A danger needs a rational identification, then a rational evaluation.

Don't think Trump doesn't know this. He does.

His supporters do, too. (Ain't it funny how he got to be president--with the support of commie haters at that--without demonizing Russia? :) )

But those volumes contain levels and depths of raw emotions--both manipulated and valid--and they are all mixed up. Fear is the strongest and rawest.

Don't think the power-mongering manipulators don't know it. They do.

All the yelling in the world in the media will not change these realities. All that the yelling can do is illustrate them.

Michael

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33 minutes ago, william.scherk said:

I believe it pays to know a little bit about what calculating Russian eyes see when they look at the USA. It pays dividends to understand a Russian Long Game. We each might have a different angle on their game, but "robust discussion" is why OL still prospers. 

William,

I got to see Russia from Brazilian eyes because I spent half of my life in Brazil.

I assure you, the US is not the only thing Russia looks at in the world. And Russia looks a lot different from Brazil than it does from the US.

President Trump knows this different country perspective because he did business all over the world on the open market before becoming president. He saw how people lived in reality in other countries, their customs, culture, laws and all. And their views of each other. Once you have been outside the bubble long enough to assimilate it, the inside never looks the same anymore.* You understand the inner-bubble people, but you know things outside are a lot more complex--or simple at times--than they think.

If you want to know the Russian long game, you have to start by taking a wider view of Russia itself than the North American media view. That view sucks reality-wise.

Michael

EDIT: One caveat. If you are a member in good standing of the ruling class elite, you can travel the world over and even live in a different country, but the view will always be the same. You are One Of The Chosen and the rest of humanity is livestock. Culture from that view is like pop entertainment where you don't get much by saturating yourself in it and you can change the channel when you get bored.

President Trump transited among the ruling class elite because they were greedy enough to take his money so they had to be polite, but he was never accepted by them. Ever. I believe he finds their view of humanity repugnant.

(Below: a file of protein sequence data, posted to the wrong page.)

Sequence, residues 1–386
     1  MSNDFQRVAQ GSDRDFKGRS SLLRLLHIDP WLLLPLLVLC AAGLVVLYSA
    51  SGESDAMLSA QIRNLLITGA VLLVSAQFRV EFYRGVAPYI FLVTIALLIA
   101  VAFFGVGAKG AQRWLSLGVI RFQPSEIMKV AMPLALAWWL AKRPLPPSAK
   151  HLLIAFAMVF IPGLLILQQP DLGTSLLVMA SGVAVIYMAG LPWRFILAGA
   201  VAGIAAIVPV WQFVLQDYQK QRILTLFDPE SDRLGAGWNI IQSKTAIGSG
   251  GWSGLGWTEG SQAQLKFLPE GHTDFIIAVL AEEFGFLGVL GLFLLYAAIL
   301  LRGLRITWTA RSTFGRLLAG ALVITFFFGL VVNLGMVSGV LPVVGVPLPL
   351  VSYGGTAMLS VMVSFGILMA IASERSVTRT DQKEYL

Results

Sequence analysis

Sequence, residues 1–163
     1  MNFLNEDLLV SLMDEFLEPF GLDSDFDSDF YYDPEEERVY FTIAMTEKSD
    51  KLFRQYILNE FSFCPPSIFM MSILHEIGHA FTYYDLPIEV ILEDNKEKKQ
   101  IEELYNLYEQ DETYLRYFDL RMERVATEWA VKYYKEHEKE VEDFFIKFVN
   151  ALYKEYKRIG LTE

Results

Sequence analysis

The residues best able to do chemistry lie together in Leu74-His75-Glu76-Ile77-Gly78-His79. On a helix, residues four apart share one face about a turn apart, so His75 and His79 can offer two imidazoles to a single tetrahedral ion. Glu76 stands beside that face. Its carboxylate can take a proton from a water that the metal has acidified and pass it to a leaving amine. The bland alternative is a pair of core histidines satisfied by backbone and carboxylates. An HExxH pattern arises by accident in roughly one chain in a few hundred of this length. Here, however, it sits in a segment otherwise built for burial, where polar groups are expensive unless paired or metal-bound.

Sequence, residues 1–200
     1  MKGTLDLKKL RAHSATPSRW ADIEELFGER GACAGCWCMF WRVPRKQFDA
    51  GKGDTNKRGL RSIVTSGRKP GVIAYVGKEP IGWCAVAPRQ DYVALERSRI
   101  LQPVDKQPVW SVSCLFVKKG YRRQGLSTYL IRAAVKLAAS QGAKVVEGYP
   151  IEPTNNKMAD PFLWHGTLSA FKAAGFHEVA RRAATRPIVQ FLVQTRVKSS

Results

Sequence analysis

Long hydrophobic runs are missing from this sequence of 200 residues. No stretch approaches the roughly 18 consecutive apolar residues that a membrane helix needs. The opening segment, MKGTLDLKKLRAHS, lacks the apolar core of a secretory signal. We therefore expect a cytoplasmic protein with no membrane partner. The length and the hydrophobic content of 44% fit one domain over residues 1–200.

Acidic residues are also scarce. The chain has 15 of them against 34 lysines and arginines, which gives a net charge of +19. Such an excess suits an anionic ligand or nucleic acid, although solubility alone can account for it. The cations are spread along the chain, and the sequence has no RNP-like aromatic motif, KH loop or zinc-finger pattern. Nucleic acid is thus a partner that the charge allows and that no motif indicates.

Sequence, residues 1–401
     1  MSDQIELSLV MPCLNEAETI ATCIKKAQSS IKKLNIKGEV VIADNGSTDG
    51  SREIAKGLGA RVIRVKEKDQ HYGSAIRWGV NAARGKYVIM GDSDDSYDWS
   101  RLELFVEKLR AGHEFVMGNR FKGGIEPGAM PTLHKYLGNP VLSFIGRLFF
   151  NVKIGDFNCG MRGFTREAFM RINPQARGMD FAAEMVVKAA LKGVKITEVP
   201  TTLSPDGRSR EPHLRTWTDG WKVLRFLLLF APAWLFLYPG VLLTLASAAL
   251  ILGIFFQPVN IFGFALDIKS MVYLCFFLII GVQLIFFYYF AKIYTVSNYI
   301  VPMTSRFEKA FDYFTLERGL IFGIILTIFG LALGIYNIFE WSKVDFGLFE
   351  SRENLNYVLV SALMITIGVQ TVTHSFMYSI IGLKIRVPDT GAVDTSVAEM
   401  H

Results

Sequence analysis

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6 hours ago, Michael Stuart Kelly said:

 

8 hours ago, william.scherk said:

Can you elaborate?  I'd like to know if you assert that President Obama surveilled Trump Tower in some personal capacity. If that is what you believe, then I wonder why -- what evidence you rely upon.

William,

It's speculation.

Let me add some non-fake-news speculation on forming a pattern.

:)

Michael

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"Obama" is now shorthand for "Intelligence," in the sense that spy agencies supply observations, and render them into a coherent pattern. Or even perhaps shorthand for The Executive. Which is yet another way of looking at Intelligence.  Intelligence actually has many working parts, many automated routines, many layers of analysis, comparison, weighting, labeling, building conceptual hierarchies.  The USA's "Intelligence" is Leviathan, and should send a shiver down the spine of every libertarian, even if he is pink as a baby.  But  in my cynical view, when the planes smashed into their targets in 2001, "Intelligence" was going to get a lot of new structure, cash, and staff. 

More cynically, the "Intelligence" community is like any bureaucracy, full of beliefs in its needful existence. It seems only to grow, become more intrusive and powerful -- especially in the years since the Internet became a common device. I was amazed and gratified to read the leaks that found their way to Wikileaks which had been hacked out of the Presidency of Syria's server. In this case, it was a new almost amateur social-media version of SIGINT or HUMINT that brought the trove to light and passed them on to Wikileaks. 

I liked that Wikileaks collaborated with other partners I trusted in that instance, and published the leaks without editorializing too much.  The trove of emails was small enough for a crowd-sourced analysis, a sifting of the top fifty and so on. It made quite an impression on me, even though the leaks in and of themselves did absolutely nothing to change any aspect of the Syrian conflict.